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The Amish Community and Its Culture

The founder of the Amish community was called Jacob Amman. They are also called Amish Mennonites, and are a Christian church group fellowship of the Mennonite churches. These people are known for their unwillingness to embrace contemporary technology, simple life and plain dressing. They originated from the German-speaking parts of Switzerland and the Palatinate of Germany. However, the migrated caused of various reasons and a recent survey was done in 2010 showed that these people are increasingly moving to the west.

To be a member of this religion, one is baptized, often between the period of 16 and 25. This is a requirement for marriage. A worship service led by a bishop and a number of ministers is conducted each Sunday in a member’s home. Ordnung (rules of the church) must be followed by every follower. These groups maintain a separation from the outside world. They recommend a way of rural life, humility and direct labor but highly reject arrogance, conceit and haughtiness.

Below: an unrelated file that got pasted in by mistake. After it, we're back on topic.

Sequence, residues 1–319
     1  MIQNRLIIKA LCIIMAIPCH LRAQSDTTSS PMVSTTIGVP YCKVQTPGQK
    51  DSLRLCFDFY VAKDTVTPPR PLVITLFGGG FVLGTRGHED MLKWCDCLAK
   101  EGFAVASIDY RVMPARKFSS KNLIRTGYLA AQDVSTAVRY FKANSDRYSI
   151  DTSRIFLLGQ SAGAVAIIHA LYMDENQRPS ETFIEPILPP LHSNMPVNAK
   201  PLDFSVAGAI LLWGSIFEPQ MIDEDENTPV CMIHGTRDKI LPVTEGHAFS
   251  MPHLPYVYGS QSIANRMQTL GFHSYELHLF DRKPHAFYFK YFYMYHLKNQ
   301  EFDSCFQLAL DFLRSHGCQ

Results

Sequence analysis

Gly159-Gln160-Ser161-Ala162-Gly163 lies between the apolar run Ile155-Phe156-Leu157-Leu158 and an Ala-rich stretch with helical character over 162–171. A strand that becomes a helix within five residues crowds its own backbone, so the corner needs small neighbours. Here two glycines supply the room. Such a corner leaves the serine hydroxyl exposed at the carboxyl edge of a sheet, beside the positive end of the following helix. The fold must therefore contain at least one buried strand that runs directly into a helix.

The way the cloth is a depiction of their devotion, for instance, belts, sweaters and neckties are forbidden. In addition, mustaches in men are outlawed, apart from being reluctant to any technology. Old Order Amish have minimum use of technology while the New Order Amish allow the use of electricity, ownership of vehicles, updated farming machines and telephones in the home. They believe in education, but formal edification through the eighth grade, which is conducted in their private schools (Kraybill).

Amish View of Death

The Amish believe in life after death, and have faith that after death the spirit has left the physical body: thus, they do not visit the grave of a demised member.

Subcultures within the Amish

The first is the Old Order Amish, the largest Amish group with a German accent called Pennsylvania Dutch used in worship and giving edification on English (Graham and Cates, 5). Formal education beyond the eighth grade is not encouraged though after they have graduated, they are instructed in their homes. Men follow the laws of Hebrew Scriptures concerning beards but do not keep beards. These people use technology such as vehicles, electrical devices and telephones. Marriages are done only in faith, rather than commitment. Mostly, they are found in the Lancaster County, Pennsylvania, Ohio, Indiana, and West Central Wisconsin.